DAMON DAVIS: FILLING IN THE CRACKS
FILLING IN THE CRACKS
JUNE 4 – AUGUST 8, 2021
East St. Louis-born post-disciplinary artist Damon Davis presents sculptural and image-based works that are an investigation of masculinity, grief, and trauma. First exhibited at Grinnell College Museum of Art, the concrete busts from the series Cracks express his explorations around loss and pain. The works in this exhibition bring growth into the conversation to support the integration of self-compassion and resilience. Davis’s culmination of this is “narrative therapy” that moves beyond hardship to visioning, healing, and imagining new ways of being.
Davis’ work extols much about embracing flaws and imperfections; like the Japanese practice of Kintsugi, treating brokenness with care can yield something more substantial and more beautiful than what existed before. When the interiority of this harrowing experience is exposed, an opportunity for transformation reveals. It is from here that healing can begin.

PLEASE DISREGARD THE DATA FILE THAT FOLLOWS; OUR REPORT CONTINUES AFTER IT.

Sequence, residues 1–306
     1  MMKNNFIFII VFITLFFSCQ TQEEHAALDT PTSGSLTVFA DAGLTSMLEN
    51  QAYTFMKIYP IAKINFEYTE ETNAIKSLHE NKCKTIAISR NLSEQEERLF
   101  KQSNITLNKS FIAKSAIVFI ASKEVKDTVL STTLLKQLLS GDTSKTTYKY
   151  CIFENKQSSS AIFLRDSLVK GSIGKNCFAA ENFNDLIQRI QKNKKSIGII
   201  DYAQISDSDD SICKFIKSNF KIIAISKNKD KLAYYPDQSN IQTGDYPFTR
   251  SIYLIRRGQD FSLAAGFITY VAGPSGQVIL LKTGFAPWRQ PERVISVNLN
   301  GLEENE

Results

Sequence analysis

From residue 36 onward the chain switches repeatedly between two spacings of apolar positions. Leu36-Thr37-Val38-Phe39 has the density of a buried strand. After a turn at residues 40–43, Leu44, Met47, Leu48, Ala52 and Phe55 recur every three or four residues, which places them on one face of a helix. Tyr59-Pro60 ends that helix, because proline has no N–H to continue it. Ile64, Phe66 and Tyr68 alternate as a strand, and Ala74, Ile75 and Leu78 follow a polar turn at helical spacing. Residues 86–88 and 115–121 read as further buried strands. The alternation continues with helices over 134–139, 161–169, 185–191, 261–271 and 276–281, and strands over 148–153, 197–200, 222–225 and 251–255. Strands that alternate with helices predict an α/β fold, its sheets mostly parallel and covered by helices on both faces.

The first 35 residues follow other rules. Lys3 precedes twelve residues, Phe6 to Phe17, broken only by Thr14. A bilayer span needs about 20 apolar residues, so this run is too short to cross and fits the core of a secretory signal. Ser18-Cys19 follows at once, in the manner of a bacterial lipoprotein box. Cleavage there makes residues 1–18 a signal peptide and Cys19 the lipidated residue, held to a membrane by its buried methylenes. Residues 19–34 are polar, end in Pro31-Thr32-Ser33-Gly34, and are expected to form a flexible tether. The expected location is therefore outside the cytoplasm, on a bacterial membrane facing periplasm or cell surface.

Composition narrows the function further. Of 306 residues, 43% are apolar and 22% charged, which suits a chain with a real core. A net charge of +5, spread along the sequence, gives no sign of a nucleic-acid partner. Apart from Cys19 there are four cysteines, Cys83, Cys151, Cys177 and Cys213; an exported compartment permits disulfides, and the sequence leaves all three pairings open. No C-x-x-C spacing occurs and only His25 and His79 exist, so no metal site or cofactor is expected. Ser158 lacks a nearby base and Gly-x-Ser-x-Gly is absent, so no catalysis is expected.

A theme emerges throughout the works that reveal the possibility of developing perceptual agency, a phrase created by Harvard ethnomusicologist Ingrid Monson, described as a conscious focusing of sensory attention that can yield different experiences of the same event. In this case, Davis’ work guides our attention to the exposure of beauty through vulnerability and allows us to see ourselves whole despite being made cavernous by trauma.
Through the use of concrete – symbolic of the hardness of Black life –Davis’ practice suggests that however resilient it may be, masculinity is not without kinks, vulnerability, and abrasion. Along with the sculptures, color prints of the artist’s digital works, Darker Gods, are on view at MOCAD, part of a series shown concurrently with an exhibition at Betti Ono Gallery in Oakland, CA.
ABOUT THE ARTIST
Damon Davis is an award-winning, post-disciplinary artist who works and resides in St. Louis, Missouri. Davis seeks to empower and give voice to the powerless and combat systems of oppression, focusing not only on pain but also on the joy of the Black experience. In a practice that is part therapy, part social commentary, his work spans a spectrum of creative mediums to tell stories exploring how identity is informed by power and mythology. Davis’ work is held in the permanent collection of the Smithsonian’s National Museum of African American History and Culture, and he has exhibited at the Museum of Contemporary African Diasporan Arts and the San Diego Contemporary Museum of Art.